By Karl Bode
In AT&T executives’ heads, the 2015, $67 billion acquisition of DirecTV and the 2018 $86 billion acquisition of Time Warner were supposed to be the cornerstones of the company’s efforts to dominate video and online video advertising. Instead, the megadeals made AT&T possibly one of the most heavily indebted companies in the world. To recoup that debt, AT&T quickly ramped up its efforts to nickel-and-dime users at every opportunity, from bogus new wireless fees to price hikes on both its streaming and traditional video services.
This, in turn, wound up driving a customer exodus. In fact, AT&T has lost more than 8 million TV subscribers in just the last three years alone. Not exactly the kind of sector domination the company had in mind.
Last year, “activist” investors at Elliott Management began making a stink about AT&T’s obsession with mindless merger mania. Not that it hurt consumers or misdirected funds away from network investment, mind you, just that the debt was dragging down the firm’s $3.2 billion investment in AT&T stock. In response, AT&T forced its CEO to “retire,” and the company, at Elliott’s behest, greatly accelerated mass employee firings and customer service offshoring. AT&T’s since fired more than 42,000 employees in just the last few years, despite a $42 billion Trump tax break AT&T promised would result in “thousands of new, high paying jobs,” and billions more in regulator favors ranging from the death of broadband privacy rules to the dismantling of net neutrality.
Now it appears the moves were enough to give Elliott what it wanted. After raising a massive stink throughout much of 2019, the company this week quietly offloaded its entire stake in AT&T:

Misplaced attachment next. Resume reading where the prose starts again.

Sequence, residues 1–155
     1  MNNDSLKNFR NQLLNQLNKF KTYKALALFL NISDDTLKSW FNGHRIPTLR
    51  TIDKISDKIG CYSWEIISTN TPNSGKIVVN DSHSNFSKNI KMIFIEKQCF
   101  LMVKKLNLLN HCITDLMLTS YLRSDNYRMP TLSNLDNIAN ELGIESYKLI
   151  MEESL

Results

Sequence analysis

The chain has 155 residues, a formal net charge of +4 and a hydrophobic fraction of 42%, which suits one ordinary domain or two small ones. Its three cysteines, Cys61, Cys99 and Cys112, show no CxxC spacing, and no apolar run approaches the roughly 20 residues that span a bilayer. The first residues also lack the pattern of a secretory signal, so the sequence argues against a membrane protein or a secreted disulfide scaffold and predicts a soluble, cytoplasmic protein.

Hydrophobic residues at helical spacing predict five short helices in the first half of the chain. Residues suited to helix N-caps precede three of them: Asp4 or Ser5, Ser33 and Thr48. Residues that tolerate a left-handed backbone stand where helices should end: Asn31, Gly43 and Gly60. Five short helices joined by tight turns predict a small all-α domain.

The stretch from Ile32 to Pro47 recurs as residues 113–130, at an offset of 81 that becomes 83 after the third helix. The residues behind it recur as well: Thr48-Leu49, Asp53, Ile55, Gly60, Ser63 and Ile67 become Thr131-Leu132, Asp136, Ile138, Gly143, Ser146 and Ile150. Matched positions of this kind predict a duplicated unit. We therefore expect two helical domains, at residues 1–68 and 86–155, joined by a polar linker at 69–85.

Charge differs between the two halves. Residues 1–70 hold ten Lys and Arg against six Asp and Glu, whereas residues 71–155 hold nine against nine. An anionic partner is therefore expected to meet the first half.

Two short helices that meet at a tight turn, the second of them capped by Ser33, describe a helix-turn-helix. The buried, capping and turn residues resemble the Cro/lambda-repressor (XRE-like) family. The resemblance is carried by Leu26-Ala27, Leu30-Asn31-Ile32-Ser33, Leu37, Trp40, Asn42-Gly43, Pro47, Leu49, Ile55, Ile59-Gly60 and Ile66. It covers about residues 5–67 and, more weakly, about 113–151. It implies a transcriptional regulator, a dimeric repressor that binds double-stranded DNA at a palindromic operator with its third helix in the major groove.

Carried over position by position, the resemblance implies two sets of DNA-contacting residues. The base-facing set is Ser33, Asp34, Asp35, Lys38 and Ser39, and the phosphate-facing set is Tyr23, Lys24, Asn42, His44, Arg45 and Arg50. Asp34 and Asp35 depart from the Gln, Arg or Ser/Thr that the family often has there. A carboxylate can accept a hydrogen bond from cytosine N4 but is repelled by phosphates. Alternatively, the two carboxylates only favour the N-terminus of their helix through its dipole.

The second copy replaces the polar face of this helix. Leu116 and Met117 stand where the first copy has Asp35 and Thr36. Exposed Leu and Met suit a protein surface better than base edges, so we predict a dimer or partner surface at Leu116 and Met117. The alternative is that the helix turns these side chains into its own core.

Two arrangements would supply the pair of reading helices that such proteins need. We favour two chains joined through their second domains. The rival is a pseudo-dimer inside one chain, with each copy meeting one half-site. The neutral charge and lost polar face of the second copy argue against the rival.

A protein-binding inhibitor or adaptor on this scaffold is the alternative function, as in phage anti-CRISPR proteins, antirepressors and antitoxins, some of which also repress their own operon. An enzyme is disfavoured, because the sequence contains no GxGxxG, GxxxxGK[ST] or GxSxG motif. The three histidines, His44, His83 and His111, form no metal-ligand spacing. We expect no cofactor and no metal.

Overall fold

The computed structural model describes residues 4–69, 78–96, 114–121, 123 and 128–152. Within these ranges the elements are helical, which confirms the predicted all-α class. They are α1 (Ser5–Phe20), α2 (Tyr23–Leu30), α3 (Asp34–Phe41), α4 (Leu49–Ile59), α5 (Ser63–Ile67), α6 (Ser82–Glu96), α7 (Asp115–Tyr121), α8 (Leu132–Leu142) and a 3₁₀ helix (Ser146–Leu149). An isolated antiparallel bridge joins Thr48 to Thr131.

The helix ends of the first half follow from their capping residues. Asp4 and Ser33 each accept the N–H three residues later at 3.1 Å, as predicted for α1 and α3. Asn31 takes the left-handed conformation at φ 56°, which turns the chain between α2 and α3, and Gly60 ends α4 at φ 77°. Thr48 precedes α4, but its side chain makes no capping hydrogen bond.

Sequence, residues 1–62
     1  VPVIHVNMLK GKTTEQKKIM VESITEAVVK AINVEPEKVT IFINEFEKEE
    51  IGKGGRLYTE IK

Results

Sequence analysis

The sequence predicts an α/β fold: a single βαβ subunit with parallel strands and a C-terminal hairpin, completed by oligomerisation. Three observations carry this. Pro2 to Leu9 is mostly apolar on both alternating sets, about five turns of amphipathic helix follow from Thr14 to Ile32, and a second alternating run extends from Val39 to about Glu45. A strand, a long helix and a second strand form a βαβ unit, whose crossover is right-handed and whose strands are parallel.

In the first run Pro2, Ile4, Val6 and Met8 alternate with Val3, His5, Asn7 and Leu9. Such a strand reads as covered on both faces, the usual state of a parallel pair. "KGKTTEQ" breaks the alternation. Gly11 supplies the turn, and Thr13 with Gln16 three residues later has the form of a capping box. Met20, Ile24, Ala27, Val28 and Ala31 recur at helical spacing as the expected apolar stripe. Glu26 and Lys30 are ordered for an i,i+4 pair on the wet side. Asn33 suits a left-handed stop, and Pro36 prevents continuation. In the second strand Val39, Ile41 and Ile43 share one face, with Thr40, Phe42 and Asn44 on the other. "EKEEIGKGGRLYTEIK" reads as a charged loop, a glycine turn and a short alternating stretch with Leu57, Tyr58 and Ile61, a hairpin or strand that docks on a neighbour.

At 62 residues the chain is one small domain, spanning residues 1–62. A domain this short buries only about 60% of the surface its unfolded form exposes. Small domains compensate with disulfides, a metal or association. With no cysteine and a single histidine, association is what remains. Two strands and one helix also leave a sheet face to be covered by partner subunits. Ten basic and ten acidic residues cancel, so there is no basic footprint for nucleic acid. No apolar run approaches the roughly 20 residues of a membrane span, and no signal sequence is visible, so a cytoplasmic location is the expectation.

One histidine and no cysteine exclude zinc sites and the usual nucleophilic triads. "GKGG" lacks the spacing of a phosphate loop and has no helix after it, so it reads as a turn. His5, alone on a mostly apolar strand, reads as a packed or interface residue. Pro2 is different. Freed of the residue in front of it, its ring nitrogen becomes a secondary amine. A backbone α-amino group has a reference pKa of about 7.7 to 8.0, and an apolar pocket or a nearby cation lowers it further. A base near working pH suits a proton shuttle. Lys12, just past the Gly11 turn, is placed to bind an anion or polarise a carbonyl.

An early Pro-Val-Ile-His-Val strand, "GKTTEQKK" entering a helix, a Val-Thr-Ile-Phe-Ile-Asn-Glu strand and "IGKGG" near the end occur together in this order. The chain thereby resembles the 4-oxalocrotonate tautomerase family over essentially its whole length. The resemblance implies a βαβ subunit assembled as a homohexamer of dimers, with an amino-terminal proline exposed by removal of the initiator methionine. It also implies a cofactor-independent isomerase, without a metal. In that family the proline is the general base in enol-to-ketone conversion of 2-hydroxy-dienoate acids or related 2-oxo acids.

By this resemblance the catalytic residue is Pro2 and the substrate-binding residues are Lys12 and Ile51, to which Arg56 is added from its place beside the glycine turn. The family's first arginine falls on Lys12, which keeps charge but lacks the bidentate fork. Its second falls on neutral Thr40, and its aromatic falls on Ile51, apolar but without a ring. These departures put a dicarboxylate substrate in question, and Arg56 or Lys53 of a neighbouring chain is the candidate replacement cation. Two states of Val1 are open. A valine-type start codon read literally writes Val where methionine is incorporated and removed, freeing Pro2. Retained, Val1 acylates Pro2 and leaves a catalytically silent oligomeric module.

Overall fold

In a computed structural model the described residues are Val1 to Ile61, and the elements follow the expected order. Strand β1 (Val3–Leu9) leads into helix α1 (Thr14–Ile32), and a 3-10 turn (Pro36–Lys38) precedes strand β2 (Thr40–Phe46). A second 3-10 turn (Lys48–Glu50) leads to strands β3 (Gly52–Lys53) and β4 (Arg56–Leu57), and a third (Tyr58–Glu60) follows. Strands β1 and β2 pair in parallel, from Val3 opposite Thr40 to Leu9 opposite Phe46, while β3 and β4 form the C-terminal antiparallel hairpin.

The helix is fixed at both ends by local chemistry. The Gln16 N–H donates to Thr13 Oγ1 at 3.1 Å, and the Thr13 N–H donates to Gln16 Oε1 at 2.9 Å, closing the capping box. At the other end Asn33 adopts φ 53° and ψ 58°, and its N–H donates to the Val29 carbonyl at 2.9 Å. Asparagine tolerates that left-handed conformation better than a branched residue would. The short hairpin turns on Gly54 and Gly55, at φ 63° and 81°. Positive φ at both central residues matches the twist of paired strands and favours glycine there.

“The New York-based hedge fund liquidated its investment when it sold 5 million shares during the quarter that ended Sept. 30. It had first bought into the stock during the third quarter 2019, according to another filing.”
Elliott wasn’t entirely wrong. AT&T did fixate so much on merger mania it lost the forest for the trees and neglected its core focus: building and running networks. It also bungled its entry into the video streaming space with a befuddling array of different branding that confused even AT&T employees. It spent $150 billion to dominate a sector it’s now barely making a dent in. Were I an investor, employee, or customer, I’d probably be pissed too.
The problem, of course, is that, as usual, it’s the employees and consumers who actually pay the price for managerial incompetence. AT&T has a long history of cutting corners when it comes to network investment, then holding regulators and lawmakers hostage with empty promises that “X” (deregulation, merger approval, subsidies, tax breaks) will finally get AT&T to meaningfully invest into its own network. But these serious fiber upgrades never really happen because entrenched telecom monopolies, protected from accountability via regulatory capture, no competition, and their cozy relationships with U.S. intelligence, are, in effect, a perpetual, taxpayer subsidized con.
A con where, time and time and time again, executives and investors wind up somewhere sipping mojitos on a yacht, while customers and employees pick up the tab.